And Barth: Watch out for my BIG ELBOW! (With nasty sharp pointy teeth.)
|Posted on Saturday, November 08, 2003 - 08:03 am: |
The most interstitial TV I believe I have seen are the musical episodes of Buffy and Xena the Warrior Princess. I was riveted. But come to think of it, an entire season would be sheer torture. Sometimes a border crossing should be temporary I guess. A vacation not an extended stay?
Speaking of Red Dwarf, which, like the Young Ones, is probably simply brilliant instead of completely interstitial, I recall one holographic visit the crew has to "Jane Austin World" that is interupted by a jealous robot driving a Sherman tank. Including the SF/sitcom border I count 3 or 4 border crossings in that episode.
|Posted on Saturday, November 08, 2003 - 09:40 am: |
i agree about Red Dwarf, kendrick, and after that illuminating and nearly violent discussion with minz, i think i have to reassess most of the tv shows on the interstitial list i made upstream.
really, there is very little IA tv (is it kosher to abbreviate interstitial like that? such a damn clumsy word). tv as a form is so rigid that the only way IA can make an appearance is through undermining it or through border crossings which may not be true IA efforts to begin with.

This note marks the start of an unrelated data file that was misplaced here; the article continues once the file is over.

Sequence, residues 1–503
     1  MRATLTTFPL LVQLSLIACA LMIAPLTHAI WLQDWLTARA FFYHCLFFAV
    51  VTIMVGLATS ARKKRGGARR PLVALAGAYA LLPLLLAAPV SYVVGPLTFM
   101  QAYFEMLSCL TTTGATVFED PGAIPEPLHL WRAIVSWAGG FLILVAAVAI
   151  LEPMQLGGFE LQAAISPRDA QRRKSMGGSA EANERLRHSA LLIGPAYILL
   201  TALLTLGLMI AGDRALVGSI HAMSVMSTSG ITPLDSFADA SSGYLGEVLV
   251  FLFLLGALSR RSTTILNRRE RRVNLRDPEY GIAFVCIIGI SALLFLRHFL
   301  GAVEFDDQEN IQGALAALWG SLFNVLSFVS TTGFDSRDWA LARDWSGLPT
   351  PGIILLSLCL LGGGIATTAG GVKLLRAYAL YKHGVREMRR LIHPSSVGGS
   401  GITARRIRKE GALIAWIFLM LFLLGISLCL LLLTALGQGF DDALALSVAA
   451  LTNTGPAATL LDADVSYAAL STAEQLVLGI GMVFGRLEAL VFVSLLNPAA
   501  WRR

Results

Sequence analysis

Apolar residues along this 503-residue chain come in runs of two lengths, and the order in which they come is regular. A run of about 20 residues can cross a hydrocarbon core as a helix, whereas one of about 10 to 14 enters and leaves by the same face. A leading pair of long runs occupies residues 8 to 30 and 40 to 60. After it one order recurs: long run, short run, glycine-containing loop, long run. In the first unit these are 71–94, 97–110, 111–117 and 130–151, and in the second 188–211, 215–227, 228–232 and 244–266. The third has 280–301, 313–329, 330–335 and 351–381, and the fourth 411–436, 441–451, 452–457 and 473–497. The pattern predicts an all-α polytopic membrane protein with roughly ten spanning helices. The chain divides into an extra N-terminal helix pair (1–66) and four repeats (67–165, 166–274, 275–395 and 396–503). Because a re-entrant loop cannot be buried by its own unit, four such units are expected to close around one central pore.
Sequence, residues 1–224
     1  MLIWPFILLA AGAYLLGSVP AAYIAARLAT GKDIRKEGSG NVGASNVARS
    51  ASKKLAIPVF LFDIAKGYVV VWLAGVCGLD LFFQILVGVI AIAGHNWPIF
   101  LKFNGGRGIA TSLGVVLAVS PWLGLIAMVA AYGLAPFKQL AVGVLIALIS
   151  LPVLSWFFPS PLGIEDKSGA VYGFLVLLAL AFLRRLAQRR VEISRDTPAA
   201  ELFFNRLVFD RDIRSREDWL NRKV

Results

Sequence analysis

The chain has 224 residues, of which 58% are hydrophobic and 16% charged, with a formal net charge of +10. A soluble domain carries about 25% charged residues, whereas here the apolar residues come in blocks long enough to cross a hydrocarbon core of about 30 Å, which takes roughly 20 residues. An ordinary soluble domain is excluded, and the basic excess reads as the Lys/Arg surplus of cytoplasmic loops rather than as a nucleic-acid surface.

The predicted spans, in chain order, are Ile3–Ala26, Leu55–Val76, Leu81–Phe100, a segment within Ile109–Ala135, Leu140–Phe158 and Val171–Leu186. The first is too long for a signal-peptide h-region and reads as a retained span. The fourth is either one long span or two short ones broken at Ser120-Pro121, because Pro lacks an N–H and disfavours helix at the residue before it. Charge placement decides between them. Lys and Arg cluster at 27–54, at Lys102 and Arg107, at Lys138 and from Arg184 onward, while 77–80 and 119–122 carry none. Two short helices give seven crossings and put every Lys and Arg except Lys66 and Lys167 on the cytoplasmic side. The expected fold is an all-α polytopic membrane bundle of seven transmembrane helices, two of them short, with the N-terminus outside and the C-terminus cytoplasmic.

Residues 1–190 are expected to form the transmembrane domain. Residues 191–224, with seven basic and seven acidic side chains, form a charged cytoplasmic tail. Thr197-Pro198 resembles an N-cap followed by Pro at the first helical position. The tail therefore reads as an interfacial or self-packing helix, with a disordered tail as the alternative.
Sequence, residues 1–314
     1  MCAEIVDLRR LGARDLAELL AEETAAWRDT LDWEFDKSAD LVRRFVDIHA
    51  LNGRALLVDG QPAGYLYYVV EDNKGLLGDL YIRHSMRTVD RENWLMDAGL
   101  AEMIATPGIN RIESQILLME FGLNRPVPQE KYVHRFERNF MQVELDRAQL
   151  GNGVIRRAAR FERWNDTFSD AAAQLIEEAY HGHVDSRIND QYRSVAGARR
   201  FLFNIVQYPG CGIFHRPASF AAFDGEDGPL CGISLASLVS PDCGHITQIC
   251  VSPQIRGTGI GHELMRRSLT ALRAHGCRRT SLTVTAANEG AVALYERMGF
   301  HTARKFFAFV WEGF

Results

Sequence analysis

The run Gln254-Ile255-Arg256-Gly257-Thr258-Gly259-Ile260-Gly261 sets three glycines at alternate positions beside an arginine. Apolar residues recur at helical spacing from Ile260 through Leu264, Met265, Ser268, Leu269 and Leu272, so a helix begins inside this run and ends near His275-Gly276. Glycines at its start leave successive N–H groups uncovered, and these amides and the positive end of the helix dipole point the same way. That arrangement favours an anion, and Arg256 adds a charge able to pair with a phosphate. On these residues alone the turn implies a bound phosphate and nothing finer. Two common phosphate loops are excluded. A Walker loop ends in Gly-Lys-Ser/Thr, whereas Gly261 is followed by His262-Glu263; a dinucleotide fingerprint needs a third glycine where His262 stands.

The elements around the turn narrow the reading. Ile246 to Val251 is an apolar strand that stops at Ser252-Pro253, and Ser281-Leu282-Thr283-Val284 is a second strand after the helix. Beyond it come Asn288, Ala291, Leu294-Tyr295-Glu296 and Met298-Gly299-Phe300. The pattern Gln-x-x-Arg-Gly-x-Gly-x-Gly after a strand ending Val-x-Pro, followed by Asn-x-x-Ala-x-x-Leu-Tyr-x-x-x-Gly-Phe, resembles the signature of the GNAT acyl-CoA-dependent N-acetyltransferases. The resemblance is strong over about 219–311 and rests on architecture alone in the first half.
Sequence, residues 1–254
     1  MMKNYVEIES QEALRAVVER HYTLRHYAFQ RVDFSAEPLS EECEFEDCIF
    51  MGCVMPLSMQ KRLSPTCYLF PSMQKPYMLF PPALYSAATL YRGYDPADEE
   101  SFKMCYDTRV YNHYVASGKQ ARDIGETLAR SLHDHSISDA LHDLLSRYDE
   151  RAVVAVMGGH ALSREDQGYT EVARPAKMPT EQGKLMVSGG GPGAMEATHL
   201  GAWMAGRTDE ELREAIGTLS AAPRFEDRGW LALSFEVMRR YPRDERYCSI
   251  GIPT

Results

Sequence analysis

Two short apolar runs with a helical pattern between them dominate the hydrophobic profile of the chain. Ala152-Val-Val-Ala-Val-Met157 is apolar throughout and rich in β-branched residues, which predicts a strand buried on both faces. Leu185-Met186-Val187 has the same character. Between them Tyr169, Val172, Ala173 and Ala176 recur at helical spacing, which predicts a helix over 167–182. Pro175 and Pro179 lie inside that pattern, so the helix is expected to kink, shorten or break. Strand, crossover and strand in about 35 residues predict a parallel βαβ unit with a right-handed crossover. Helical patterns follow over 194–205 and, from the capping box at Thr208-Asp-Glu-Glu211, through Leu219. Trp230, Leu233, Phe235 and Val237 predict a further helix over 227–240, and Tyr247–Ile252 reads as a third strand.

what on tv hits y'all as truly uncategorizable? maybe it's time to advance the discussion to cinema...(ominous chord)
|Posted on Sunday, November 09, 2003 - 06:09 am: |
Well, in a far-ranging discussion Sunday night at WFC, I found myself at one point trying to explain Tampopo to several friends who'd never seen it; one of my partners' summary version is "a noodle western" since the characters are Japanese but the tropes of the main story are classic "spaghetti". The interstitiality is in the intertwining of that plot with the food-fascination-subtheme and the Yakuza (underworld)-subtheme as if they have relevance to the story, and somehow we go right along and believe that they do.